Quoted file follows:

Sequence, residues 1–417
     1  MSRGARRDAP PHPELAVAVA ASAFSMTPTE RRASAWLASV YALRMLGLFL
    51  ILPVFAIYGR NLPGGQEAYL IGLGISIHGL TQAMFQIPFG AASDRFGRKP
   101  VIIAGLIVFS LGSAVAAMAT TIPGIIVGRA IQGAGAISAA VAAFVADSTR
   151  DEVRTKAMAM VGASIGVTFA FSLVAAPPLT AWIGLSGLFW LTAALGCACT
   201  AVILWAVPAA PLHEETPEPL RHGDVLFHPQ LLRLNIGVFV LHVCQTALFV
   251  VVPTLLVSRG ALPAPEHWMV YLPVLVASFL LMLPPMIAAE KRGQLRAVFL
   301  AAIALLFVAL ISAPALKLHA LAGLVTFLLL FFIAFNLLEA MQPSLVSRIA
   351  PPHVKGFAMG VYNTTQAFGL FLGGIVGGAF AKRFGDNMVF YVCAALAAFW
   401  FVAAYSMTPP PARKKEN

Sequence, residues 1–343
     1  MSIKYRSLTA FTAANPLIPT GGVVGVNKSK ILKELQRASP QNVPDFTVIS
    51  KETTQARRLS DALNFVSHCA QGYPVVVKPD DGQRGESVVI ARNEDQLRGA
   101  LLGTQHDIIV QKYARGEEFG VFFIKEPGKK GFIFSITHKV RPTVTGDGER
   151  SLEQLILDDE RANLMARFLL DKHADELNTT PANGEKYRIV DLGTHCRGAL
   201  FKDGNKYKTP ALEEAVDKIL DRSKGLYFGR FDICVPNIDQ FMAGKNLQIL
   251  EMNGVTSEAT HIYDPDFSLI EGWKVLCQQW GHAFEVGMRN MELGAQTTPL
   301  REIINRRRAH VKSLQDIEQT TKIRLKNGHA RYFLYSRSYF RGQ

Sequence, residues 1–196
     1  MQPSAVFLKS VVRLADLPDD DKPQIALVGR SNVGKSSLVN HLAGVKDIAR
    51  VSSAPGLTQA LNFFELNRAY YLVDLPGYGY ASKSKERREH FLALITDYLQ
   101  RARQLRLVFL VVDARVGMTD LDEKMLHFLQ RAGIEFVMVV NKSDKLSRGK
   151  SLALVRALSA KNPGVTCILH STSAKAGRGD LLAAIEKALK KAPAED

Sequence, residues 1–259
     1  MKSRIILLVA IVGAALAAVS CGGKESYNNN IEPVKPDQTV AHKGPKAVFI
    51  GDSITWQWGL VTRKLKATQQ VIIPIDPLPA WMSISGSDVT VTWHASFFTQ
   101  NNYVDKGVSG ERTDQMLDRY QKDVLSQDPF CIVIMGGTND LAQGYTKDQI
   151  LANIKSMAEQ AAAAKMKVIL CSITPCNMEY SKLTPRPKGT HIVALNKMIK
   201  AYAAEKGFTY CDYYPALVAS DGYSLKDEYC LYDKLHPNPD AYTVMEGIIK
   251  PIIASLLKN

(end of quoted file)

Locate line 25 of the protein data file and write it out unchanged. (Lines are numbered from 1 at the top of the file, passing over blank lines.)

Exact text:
     1  MKSRIILLVA IVGAALAAVS CGGKESYNNN IEPVKPDQTV AHKGPKAVFI